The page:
Lee's impact on the AL

Newly signed Philadelphia Phillies pitcher Cliff Lee stands near his jersey and cap after a news...

Newly signed Philadelphia Phillies pitcher Cliff Lee stands near his jersey and cap after a news conference in Philadelphia, Pennsylvania, December 15, 2010. (REUTERS/Tim Shaffer)

CHRIS TOMAN, Sports Network

, Last Updated: 10:02 AM ET

TORONTO -- In a shocking turn of events, prized free- agent pitcher, Cliff Lee, spurned the New York Yankees and Texas Rangers and signed with the Philadelphia Phillies to form the most dynamic pitching rotation in recent memory. Not only does the Phillies' signing of Lee, who joins a rotation already consisting of Roy Halladay, Roy Oswalt and Cole Hamels, make the club favorites to win the National League, it has a profound impact on the American League as well.

Now, not every team in the AL is going to reap the benefits of Lee going to the other league - as the Kansas City Royals and Cleveland Indians are still going to be the Royals and Indians - but, the playing field just became much more balanced. For starters, two of the best teams in the league have gotten worse (Rangers) or failed to improve (Yankees) in a department (pitching) that was at the forefront of their weaknesses.

In the Rangers case, they're now without an ace and have to rely on a young staff led by C.J. Wilson to help them duplicate their success of 2010. As for the Yankees, they failed to acquire their main off-season target, which inevitably leaves their rotation with as many holes as it had last season. Mind you, these two teams squared off in the American League Championship Series so it's not as if they are digging themselves out of the bottom, but let's also remember that they are both worse off without having Lee at their disposal.

As for the rest of the pact, there are some very good teams in the AL who, minus an interleague series against the Phillies, don't even need to think of Lee until October - if in fact that month becomes a reality.

One thing is for sure, October is much more of a possibility to some, if not many, now that Lee has fled to the Keystone State.

Who benefits?

Unless something drastic happens, the Boston Red Sox have the strongest team in all of the American League. However, unlike most years since the Derek Jeter-era began, the Yankees aren't on par with them, which means the path to the postseason for the Tampa Bay Rays and Toronto Blue Jays may have just gotten easier.

Life for the Rays didn't look so bright after losing all-star outfielder Carl Crawford and first basemen Carlos Pena to free-agency and it won't get any better when free-agent closer Rafael Soriano finds a new city to call home either. The Rays will be without three vital pieces that have helped them capture the East for two of the past three seasons, but they still boast a strong staff led by lefty David Price, which should, by all accounts, keep them competitive.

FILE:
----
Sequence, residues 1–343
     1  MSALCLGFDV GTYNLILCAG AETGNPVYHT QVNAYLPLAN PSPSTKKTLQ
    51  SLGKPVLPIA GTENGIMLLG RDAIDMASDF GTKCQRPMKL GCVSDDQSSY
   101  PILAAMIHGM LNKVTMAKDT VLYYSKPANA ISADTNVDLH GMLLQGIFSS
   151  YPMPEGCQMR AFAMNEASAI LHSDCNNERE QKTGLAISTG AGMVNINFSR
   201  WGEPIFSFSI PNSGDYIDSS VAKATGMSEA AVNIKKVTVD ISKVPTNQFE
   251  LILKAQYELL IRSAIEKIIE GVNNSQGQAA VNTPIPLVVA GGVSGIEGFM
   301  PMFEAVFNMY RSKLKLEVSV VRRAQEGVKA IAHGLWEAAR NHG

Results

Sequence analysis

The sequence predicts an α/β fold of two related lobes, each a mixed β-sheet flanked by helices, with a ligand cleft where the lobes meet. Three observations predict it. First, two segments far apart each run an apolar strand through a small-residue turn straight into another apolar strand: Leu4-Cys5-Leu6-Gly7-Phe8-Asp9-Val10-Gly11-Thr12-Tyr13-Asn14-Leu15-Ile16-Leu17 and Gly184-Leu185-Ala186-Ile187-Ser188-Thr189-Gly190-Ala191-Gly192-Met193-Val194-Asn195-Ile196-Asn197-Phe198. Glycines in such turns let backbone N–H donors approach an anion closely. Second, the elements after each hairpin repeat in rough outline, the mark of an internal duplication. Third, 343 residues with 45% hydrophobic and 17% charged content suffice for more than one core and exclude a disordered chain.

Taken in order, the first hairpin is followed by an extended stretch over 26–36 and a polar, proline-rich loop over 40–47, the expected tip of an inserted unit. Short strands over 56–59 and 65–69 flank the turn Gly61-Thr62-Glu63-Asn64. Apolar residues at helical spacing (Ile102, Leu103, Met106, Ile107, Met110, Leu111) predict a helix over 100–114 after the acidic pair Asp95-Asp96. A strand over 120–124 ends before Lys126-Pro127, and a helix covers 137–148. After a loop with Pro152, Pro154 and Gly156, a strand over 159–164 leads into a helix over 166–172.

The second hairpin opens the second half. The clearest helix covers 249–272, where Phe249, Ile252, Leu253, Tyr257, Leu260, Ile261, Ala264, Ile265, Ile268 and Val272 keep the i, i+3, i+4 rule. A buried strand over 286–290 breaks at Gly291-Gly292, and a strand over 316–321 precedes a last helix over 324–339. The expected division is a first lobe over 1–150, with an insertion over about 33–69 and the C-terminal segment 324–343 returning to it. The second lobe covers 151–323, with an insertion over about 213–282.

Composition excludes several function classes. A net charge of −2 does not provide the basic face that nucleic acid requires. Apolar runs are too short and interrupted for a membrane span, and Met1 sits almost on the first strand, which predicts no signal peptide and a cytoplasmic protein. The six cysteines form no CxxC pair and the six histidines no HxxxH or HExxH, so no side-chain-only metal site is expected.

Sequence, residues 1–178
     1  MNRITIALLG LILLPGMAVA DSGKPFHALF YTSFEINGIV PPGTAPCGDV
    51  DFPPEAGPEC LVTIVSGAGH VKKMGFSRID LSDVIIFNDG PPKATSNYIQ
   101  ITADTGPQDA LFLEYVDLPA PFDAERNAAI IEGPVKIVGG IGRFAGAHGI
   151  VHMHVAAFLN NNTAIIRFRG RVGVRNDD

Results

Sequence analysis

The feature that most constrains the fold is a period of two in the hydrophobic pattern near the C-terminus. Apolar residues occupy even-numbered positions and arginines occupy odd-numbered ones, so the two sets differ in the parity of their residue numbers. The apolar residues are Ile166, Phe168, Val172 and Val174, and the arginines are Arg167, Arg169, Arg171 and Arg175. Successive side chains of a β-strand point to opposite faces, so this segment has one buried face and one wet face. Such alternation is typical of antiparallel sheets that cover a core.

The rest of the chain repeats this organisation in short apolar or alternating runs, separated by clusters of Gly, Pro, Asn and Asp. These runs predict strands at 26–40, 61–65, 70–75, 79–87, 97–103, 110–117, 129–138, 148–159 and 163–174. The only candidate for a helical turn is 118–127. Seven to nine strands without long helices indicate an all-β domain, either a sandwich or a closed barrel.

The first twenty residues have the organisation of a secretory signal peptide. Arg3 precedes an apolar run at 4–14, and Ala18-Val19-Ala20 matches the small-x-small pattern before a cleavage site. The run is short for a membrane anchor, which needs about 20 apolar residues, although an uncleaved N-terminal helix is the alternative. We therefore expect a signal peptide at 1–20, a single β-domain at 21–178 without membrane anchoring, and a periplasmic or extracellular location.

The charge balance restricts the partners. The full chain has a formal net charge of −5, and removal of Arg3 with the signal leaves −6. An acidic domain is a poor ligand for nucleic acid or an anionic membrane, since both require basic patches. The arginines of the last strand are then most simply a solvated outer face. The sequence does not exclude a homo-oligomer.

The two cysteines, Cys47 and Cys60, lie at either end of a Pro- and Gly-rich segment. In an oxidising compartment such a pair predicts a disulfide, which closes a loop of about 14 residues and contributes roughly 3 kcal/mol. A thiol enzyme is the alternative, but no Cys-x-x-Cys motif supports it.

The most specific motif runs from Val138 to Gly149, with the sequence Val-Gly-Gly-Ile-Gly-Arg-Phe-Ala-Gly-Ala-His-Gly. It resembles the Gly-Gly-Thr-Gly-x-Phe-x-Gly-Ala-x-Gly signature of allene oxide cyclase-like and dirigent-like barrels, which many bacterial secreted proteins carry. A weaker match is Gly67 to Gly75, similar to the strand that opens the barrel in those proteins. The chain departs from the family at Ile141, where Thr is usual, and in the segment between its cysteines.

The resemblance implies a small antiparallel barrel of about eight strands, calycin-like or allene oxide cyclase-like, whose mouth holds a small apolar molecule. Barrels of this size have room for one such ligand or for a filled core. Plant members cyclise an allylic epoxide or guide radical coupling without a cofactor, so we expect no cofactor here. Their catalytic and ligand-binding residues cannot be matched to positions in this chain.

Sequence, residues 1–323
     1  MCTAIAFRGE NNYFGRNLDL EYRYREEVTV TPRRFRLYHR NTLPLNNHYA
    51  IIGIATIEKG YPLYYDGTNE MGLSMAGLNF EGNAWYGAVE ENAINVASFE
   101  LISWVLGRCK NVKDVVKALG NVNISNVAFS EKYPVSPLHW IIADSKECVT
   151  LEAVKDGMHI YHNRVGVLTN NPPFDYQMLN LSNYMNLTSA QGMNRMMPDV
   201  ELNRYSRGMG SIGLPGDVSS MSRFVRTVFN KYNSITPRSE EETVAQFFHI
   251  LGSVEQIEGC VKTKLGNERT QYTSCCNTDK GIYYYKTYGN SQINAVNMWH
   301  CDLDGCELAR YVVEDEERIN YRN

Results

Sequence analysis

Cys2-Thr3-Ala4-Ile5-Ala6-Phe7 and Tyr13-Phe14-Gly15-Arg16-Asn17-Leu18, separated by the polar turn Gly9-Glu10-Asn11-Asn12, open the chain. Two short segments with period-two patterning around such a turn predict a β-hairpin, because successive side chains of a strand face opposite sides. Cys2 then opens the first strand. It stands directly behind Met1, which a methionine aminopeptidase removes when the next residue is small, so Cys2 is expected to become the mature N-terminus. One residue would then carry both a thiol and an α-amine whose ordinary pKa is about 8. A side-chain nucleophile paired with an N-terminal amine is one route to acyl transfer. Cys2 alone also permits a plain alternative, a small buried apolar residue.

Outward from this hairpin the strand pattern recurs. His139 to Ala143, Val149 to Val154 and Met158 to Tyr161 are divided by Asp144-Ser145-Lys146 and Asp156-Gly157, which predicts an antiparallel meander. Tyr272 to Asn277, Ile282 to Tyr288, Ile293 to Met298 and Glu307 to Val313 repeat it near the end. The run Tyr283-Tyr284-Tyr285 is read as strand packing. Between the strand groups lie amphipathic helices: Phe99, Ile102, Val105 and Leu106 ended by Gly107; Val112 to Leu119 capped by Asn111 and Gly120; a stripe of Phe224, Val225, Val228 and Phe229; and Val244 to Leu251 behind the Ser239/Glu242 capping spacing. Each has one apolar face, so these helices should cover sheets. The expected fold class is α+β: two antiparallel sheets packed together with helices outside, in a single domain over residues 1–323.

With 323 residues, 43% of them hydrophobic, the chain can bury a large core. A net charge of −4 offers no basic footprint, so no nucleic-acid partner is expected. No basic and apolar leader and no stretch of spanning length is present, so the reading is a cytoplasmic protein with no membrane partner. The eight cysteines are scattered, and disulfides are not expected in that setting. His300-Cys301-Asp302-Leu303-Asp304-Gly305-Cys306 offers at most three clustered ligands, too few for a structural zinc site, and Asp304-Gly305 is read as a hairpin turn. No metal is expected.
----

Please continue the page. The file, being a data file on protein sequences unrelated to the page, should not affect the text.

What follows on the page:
The Jays on the other hand, sent 2010 opening day ace, Shaun Marcum, to the Milwaukee Brewers in a move to set themselves up better for the long-term. While his loss isn't expected to cripple them based on a stockpile of young arms, it surely doesn't make them better off for 2011 either. But now, with the Jays not having to worry about Lee wearing pinstripes, or any other uniform in the AL, their chances of a wild-card have become increasingly greater.

As for the AL West, the Los Angeles Angels, who have struckout this off- season, do not have as steep a mountain to climb to catch the Rangers, while the Oakland Athletics, who added some offensive punch to their lineup to complement a pitching staff that led the AL in ERA, could end up being the best in the West. The Rangers are still a strong team without Lee, but they aren't favorites to do what they did last year, which was reach the World Series for the first time in franchise history in their first trip back to the postseason in 11 years.

So how do the teams in the AL Central benefit? Easy, if they can't capture their division, they now have a much better shot at the wild card, which is essentially the domino effect Lee left on the AL.

The Detroit Tigers can feel more at ease throwing big money at Victor Martinez, while the Chicago White Sox should be going into the season with plenty of optimism after signing slugger Adam Dunn to help them get back to the playoffs.

For the teams in the West and Central, winning the division is not as imperative as it used to be, in the sense that the teams from the East, outside of the Red Sox, are not leaps and bounds better than the rest, if at all.

It's the first time in a while the East is not an automatic to produce the fourth and final playoff spot. While there's still a good chance it will, as it remains the best division in baseball, it wouldn't be a shock to see a new team emerge in the AL.

There is plenty of time from now until the start of the season so for teams like the Yankees, there is still room to shore up on their deficiencies. Regardless of what the Yankees or any other team from the AL does to get better before April, it won't involve getting someone of Lee's stature, because that breed rarely exists.

Make no mistake, Lee's signing not only improved the Phillies, it created a more level playing field across an entirely different league.


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